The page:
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Thread: Kiwis, help please. page

  1. #1
    Kit Rivers's Avatar
    Kit Rivers is offline Senior Member
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    Kiwis, help please.

    Primal Fuel
    Grass fed beef? Don't cows eat grass?

    I am a bit confused by this so I am asking other Kiwis what our cows eat. Having said that in Pak n Save yesterday i noticed some beef on the top shelf that was more money and it proudly stated "grain fed beef"

    New zealanders on this forum, I am assuming all our animals eat grass. Am I right? And they don't in America?

    Kit in Christchurch.

    (Who is going to work out how to do a profile today)

  2. #2
    dragonmamma's Avatar
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    I'm in America. You hit the nail right on the head. Grass is the natural food of cattle, but here in America they cram all of them into concentrated feeding lots and stuff them with excess subsidized food crops like corn, and then proudly declare it like it's supposed to be good for you. This forum is enlightened enough to know that this has a negative impact on the meat and the cows, and is one of the reasons that they get sick and need to be pumped full of antibiotics.

    I don't know about cows, but I once researched lamb from New Zealand (because there was a good deal at the store) and found that virtually all sheep in New Zealand are grass-fed.

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    "Grain fed" is touted as a bonus because the animals lay down more fat, so the end product is "more desirable". If you're used to cooking grain fed, then grass fed meat can end up tough if you treat it the same.
    Eg in the UK the normal rearing of beef involves mostly grass/hay/silage, then being sold as "store cattle" which are then bought and grain fed for their last 6 months or so.
    It alters the types of fat too (lots of info around the forum).

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    Misabi's Avatar
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    Hi kit, the vast majority of our beef, lamb and mutton is grass fed, and as you said grain fed meat is seen as a luxury item for a couple of reasons:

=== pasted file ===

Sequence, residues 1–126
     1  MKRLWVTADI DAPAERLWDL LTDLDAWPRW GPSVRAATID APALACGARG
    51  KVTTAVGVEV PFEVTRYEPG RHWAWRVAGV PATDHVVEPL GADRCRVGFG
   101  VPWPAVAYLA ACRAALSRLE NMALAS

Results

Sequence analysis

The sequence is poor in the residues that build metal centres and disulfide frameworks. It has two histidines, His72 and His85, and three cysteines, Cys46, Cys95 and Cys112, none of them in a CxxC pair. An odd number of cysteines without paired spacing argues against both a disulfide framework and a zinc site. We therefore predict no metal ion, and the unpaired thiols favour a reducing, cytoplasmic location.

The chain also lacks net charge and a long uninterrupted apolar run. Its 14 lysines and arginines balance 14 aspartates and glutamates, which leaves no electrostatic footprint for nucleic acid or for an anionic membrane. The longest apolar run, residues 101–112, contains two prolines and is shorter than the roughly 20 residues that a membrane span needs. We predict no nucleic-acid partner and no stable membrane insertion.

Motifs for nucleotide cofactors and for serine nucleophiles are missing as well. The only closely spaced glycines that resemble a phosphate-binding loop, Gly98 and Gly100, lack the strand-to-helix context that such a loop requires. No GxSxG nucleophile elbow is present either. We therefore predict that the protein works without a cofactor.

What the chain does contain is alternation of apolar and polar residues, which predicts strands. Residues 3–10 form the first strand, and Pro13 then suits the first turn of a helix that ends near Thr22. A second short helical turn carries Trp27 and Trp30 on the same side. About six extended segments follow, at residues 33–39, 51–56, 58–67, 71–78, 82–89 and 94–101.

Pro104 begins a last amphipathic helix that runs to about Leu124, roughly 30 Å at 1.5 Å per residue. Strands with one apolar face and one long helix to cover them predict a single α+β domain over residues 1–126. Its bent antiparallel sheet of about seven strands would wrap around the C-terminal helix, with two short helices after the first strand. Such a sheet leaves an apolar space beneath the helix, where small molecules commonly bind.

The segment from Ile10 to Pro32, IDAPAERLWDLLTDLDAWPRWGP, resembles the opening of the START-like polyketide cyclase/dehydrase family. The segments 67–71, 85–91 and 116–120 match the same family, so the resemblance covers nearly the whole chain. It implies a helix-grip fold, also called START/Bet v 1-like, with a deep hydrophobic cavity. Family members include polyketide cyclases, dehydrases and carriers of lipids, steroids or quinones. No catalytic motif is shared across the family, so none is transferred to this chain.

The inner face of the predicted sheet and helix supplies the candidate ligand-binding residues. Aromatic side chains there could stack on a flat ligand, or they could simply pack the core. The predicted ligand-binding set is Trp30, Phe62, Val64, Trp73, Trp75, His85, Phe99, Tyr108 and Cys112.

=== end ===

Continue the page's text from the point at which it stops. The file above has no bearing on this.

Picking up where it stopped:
1. It's rare, due to being a way more expensive way to feed than just letting the animals roam free on our abundance of grassland and find their own food in the way of grasses.

    2. It adds more fat to the meat, marbling etc. so is more desirable to the gourmet set. I attended a wealthy family friend's birthday at a very expensive hotel recently and the restaurant was very proud to be serving grain fed beef. I tasted it out of interest and couldn't tell the difference to be honest.

    3. Because it's so popular in the states it's seen as something to aim for.

    When I first got into pb I asked a couple of local butchers if their beef were grass fed and they looked I was mental "what else would they eat?" :-)

  5. #5
    Kit Rivers's Avatar
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    Thank you for your replies, especially Misabi. Its great to have an experienced Kiwi member to ask about our groceries!

    So I shall just buy the normal meat from the butcher then!

    What about bacon/ham? There are a lot of specials on ham at the moment. Are these OK? The book is on order from Fishpond, but it won't be here until the end of the month.....

    Kit

  6. #6
    zoebird's Avatar
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    to be honest, we still look for it on the label, because we do not know the finishing process here (prior to butchering). a fair bit in the US is grass fed and grain finished (as Saorse said), and that's where i'm from, and so we would get pasture raised, grass finished meats.